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FEATURE | Video Assistant Referee (VAR): A summary so far

The 2017/18 Bundesliga season has been full of storylines. From Borussia Dortmund’s collapse and Peter Bosz’ sacking to 1. FC Köln’s inability to win a single game through 16 matchdays. The best league in the world certainly has provided entertainment yet again.

However, the season has been overshadowed by the introduction of Video Assistant Referee, or VAR. While it hasn’t been the complete disaster that many people make it out to be, it certainly hasn’t been the saviour of refereeing that it was made out to be.

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For those unsure, there are four different scenarios that VAR can be used for. Violations that happen before a goal is scored; penalty incidents; red card incidents and also for mistaken identity. The video assistant reviews the incident and communicates the decision to the on field referee. The referee can also choose to look at the incident themselves on a TV monitor at the side of the pitch before he or she gives the decision.

VAR was brought in to eliminate officiating mistakes from the game whereby clear and obvious mistakes were made. Unfortunately, there have been situations whereby an obvious mistake was referred to VAR but still the correct decision wasn’t made.

Take 1. FSV Mainz 05’s penalty against Köln as an example. In real time you can see why the referee would award the penalty. Having correctly consulted with VAR, the penalty was still awarded despite replays showing that Pablo De Blasis had gone down without contact being made. This was the perfect chance to show how an admittedly difficult decision in real time could be made correct using VAR and they blew it.

Köln have certainly had a rough time this season, both with their performances on the pitch but also with multiple VAR decisions going against. Another fault of the system was shown in their 5-0 defeat to Borussia Dortmund. Sokratis gave Dortmund a 2-0 lead which was initially ruled out for a foul on the goalkeeper. Having consulted with VAR, the referee determined there had been no foul and so awarded Dortmund the goal. Blowing his whistle before the ball crossed the line however, meant that game was effectively ‘dead’ and so the goal should not have counted even if there wasn’t a foul on the goalkeeper, indeed VAR should not have even been used in this situation.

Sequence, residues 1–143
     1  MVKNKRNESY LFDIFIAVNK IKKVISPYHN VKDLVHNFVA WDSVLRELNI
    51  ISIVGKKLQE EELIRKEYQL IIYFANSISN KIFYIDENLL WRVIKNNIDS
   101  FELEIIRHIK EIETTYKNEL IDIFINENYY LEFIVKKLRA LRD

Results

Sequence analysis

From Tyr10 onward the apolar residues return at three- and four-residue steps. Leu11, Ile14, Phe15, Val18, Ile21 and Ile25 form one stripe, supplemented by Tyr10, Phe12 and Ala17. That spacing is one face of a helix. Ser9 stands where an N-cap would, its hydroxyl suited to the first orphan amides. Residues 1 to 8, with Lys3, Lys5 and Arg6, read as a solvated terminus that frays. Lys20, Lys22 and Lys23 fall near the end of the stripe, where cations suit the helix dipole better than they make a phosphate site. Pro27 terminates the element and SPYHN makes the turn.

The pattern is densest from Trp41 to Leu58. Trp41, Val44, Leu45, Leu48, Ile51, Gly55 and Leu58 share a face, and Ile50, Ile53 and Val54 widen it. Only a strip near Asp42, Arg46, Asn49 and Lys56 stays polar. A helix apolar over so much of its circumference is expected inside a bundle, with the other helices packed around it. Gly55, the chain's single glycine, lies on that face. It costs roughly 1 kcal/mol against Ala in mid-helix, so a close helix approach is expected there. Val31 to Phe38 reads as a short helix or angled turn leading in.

Another very real complaint with VAR is that the time taken for decisions to be made is too long. It leads to farcical situations whereby players are sent off and make it to the dressing room, before being called back by the referee after he consulted with the video assistant.

1. FC Köln haven’t had the best of luck with VAR this season. (BT Sport Football)

Over a minute was needed twice in the same half in a game between Wolfsburg and Hertha Berlin this season to overturn two very clear offside decisions after a goal had been scored. While the correct decision was reached both times, it was unfortunate that two identical situations occurred against the same team in the same half, it lead to fans being scared to celebrate for fear subsequent goals would also be ruled out.

This is when the discussion about VAR gets very polarising. Do you want the absolute correct decision every time at the expense of spontaneous celebration or do you accept not every decision is the right one but keep one of the best aspects of supporting a football team intact.